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           Final note: In addition to learning to take charge of her own food preparation, Maddie has also begun to practice yoga regularly; she has increased energy; she now possesses the skills to eat out with friends AND make healthy food choices; she is focusing on organizing her bed room and helping her dad and me organize our house; and as I write this, she has also just so happened to have lost 13.4 pounds and over 10 inches in five weeks!  Plus, her sparkling eyes and infectious smile are back! And that’s not all; she is now a Health Coach and paying forward the journey of health with others!

 

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Protein Waffles  **If following the Optimal Weight 5 & 1 Plan, see recipe below

1 serving of your favorite protein powder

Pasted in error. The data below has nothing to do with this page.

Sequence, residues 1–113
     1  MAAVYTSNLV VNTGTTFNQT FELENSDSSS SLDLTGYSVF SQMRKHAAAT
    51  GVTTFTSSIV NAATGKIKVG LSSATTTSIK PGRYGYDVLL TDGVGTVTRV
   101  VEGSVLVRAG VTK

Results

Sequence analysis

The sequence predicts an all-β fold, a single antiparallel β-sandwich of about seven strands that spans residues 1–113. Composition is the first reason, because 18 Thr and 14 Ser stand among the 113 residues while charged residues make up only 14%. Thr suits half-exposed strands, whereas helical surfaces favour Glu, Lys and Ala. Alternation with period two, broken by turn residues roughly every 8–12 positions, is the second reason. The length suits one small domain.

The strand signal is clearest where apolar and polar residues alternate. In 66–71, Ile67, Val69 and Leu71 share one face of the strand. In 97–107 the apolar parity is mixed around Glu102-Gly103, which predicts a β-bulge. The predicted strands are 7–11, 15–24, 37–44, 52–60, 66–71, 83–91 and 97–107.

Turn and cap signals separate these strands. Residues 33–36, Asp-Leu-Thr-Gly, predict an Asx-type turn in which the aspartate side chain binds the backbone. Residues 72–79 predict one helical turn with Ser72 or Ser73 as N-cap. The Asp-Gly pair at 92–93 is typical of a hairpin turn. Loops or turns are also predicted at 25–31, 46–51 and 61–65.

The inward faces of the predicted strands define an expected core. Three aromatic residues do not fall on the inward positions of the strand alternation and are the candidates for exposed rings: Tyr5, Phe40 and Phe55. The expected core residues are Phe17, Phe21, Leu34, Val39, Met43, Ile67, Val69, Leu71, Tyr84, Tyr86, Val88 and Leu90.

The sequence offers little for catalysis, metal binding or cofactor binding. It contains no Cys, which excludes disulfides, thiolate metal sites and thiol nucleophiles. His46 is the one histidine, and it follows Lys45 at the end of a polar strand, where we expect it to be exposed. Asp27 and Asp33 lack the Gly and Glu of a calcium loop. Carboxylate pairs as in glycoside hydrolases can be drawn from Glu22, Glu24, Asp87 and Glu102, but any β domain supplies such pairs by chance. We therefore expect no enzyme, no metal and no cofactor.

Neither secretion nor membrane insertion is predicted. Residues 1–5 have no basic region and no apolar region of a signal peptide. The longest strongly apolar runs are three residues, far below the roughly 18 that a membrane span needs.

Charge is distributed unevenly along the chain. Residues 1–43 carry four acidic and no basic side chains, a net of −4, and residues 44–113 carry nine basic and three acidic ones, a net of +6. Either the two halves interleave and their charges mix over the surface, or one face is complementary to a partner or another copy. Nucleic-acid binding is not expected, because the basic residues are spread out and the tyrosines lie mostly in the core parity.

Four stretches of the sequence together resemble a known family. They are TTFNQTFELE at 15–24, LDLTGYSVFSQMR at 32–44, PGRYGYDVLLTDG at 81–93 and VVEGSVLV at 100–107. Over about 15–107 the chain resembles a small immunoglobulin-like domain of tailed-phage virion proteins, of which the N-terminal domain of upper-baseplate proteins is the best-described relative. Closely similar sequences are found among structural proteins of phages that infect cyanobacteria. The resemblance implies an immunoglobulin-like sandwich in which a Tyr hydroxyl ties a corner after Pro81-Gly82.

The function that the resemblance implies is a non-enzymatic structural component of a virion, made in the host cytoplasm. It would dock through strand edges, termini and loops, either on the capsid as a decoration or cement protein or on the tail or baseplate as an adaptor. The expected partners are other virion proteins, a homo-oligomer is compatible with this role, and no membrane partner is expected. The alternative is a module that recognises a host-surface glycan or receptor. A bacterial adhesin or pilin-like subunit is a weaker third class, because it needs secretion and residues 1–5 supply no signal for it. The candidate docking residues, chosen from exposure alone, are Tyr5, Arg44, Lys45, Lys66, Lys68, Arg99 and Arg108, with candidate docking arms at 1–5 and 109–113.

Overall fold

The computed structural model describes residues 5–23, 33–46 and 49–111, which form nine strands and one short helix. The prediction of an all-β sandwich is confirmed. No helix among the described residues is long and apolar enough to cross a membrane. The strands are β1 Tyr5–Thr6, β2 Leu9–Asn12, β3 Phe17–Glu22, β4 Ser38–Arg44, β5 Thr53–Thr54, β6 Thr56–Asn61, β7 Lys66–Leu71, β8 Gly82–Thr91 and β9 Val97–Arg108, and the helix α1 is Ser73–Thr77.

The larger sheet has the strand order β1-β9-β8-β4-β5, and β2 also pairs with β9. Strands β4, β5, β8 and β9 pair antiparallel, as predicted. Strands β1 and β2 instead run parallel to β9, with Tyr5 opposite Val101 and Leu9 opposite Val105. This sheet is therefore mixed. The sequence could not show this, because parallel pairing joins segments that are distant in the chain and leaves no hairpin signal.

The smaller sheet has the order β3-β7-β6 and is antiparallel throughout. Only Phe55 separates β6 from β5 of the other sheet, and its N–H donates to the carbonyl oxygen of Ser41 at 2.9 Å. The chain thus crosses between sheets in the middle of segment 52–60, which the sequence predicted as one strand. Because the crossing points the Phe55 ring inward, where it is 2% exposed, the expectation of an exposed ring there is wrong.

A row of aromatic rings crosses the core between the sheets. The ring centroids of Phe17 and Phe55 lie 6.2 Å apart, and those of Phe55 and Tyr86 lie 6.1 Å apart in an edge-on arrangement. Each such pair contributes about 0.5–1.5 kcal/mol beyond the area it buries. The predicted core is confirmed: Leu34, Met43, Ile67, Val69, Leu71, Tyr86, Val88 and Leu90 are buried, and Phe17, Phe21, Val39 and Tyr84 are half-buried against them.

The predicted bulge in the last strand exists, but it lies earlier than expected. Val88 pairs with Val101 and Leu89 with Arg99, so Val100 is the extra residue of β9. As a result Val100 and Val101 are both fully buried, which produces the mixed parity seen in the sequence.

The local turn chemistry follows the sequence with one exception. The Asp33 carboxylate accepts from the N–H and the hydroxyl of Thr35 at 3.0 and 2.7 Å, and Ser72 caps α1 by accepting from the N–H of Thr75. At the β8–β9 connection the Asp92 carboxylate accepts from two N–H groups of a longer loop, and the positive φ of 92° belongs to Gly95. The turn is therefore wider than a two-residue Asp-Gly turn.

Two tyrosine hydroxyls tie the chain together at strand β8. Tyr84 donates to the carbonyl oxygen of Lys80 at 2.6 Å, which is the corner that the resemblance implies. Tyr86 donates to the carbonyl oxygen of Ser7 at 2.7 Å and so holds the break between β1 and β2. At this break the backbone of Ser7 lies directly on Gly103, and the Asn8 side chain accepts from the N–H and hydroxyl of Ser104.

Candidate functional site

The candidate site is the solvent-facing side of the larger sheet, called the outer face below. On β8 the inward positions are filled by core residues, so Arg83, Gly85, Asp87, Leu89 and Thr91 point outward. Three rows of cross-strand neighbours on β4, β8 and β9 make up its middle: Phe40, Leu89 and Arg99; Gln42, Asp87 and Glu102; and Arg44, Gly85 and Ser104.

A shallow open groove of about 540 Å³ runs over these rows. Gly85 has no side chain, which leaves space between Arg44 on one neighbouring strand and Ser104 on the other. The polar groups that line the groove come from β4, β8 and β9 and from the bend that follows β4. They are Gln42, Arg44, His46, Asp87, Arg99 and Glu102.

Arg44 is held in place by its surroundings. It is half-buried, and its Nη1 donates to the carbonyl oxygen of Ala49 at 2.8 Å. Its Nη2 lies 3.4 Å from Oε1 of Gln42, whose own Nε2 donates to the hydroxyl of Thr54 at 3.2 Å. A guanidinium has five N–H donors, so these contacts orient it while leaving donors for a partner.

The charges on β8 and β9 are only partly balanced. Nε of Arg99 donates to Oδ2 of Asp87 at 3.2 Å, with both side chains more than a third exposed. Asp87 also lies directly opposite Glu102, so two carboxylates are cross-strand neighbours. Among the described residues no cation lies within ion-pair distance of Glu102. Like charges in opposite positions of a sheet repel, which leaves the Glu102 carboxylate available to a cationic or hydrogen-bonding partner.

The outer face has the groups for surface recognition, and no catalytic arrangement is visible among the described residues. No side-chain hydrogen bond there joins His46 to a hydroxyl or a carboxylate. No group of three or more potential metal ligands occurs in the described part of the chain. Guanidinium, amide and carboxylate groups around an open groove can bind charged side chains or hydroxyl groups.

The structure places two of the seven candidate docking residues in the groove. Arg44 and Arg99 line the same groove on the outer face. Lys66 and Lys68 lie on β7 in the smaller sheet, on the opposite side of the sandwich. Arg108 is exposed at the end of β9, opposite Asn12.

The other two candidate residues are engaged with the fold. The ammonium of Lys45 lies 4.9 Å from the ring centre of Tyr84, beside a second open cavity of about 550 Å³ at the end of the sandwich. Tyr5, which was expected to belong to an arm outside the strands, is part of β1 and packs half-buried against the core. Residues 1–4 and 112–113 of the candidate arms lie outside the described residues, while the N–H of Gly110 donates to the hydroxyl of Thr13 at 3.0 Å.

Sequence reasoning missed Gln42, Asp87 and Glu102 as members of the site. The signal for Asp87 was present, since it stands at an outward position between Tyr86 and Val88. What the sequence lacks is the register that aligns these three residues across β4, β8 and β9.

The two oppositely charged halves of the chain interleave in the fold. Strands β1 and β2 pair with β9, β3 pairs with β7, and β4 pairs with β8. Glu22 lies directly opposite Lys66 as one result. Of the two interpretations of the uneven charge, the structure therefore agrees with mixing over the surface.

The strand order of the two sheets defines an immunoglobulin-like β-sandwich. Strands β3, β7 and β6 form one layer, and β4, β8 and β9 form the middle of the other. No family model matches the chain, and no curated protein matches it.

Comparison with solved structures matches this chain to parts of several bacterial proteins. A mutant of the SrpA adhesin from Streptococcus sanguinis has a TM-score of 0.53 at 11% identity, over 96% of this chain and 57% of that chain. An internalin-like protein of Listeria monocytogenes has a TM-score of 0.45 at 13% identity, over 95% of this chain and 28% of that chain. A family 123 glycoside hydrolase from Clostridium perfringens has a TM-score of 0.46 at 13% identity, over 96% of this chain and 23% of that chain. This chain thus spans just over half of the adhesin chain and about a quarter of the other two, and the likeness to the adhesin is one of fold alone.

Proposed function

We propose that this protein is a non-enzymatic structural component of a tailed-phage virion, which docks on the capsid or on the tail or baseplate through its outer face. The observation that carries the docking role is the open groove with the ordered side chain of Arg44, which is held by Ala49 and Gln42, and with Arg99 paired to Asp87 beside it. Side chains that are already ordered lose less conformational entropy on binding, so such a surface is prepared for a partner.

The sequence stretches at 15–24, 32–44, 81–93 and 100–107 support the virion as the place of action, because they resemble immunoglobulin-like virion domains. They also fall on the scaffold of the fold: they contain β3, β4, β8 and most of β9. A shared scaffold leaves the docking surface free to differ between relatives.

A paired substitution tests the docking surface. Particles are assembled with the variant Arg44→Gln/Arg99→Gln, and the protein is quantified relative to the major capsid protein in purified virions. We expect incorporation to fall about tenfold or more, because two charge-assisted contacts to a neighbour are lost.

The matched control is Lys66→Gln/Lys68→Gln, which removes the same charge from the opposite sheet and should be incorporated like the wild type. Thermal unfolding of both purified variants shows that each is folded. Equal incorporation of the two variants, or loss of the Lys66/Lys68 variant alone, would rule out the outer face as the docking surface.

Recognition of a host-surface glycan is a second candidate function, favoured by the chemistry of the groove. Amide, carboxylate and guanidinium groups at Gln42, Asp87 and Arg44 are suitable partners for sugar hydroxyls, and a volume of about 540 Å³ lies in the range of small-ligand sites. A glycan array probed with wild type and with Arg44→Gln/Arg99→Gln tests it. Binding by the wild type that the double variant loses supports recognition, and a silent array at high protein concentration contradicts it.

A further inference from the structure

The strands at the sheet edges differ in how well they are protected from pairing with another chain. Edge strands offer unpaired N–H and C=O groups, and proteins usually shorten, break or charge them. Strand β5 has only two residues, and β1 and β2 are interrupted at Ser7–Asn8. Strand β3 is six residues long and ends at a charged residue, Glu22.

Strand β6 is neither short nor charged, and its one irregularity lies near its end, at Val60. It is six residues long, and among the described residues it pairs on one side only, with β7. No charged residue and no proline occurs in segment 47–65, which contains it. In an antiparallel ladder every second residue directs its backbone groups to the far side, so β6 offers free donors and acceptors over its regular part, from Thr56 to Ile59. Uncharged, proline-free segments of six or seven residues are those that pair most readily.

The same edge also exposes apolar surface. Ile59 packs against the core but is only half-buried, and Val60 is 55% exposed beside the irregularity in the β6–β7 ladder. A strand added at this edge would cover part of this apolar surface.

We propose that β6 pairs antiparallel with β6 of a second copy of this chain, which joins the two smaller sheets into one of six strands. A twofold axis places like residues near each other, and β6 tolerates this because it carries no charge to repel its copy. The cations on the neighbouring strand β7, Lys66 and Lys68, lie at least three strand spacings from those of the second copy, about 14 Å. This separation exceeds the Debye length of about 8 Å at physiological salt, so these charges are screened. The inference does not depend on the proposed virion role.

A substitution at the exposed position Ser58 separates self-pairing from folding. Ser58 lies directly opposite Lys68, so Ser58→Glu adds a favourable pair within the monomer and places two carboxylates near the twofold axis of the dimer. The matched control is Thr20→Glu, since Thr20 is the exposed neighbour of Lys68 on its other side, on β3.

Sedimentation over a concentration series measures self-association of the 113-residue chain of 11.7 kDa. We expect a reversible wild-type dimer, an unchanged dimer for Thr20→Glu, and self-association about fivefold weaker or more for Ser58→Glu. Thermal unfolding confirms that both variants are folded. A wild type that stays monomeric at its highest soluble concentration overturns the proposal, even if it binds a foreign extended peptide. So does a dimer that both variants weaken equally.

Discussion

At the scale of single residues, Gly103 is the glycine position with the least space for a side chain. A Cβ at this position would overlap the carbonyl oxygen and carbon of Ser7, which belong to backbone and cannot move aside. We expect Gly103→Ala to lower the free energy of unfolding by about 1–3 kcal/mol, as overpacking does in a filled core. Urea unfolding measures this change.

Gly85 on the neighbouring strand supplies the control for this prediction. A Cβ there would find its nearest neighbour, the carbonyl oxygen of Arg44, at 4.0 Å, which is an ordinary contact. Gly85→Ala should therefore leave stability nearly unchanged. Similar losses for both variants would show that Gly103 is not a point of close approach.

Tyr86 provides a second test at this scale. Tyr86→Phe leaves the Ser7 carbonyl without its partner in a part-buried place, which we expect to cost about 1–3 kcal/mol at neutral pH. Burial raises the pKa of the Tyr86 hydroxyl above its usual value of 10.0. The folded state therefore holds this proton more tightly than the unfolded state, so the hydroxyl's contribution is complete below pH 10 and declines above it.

Dash of pink Himalayan sea salt

1-tablespoon light cream cheese

2-tablespoons egg whites or egg-replacement

1-3 tablespoons of water

Optional add-ins:

½ teaspoon pure vanilla extract (or other flavor extract for that matter)

1-package of stevia or other favorite sweetener

Coat waffle maker with a light coating of nonstick cooking spray.

Plug-in waffle maker and allow to heat.

In a bowl, combine all ingredients EXCEPT water, including any optional ingredient you wish to add.

Then, gradually add, 1 tablespoon of water at a time, until you get the consistency of a thick batter.  You do not want this to be thin and runny.

If using a round waffle maker, spread all batter onto waffle maker and cook according to waffle-maker’s directions.

If using mini-Dash, pour 1/3 to ½ batter into waffle pan. (It may take a few trial and error practice sessions to figure out the right amount.)

Then, cook according to directions.  (We have found with a mini-Dash waffle maker, each waffle takes about 3 or so minutes to fully cook.)

Serve warm; or allow to cool, and store in fridge for later usage.  

Stays good in fridge for several days.  

Makes one serving.

**Optimal Weight 5 & 1 Recipe for Protein Waffle (Approved by Nutrition Support)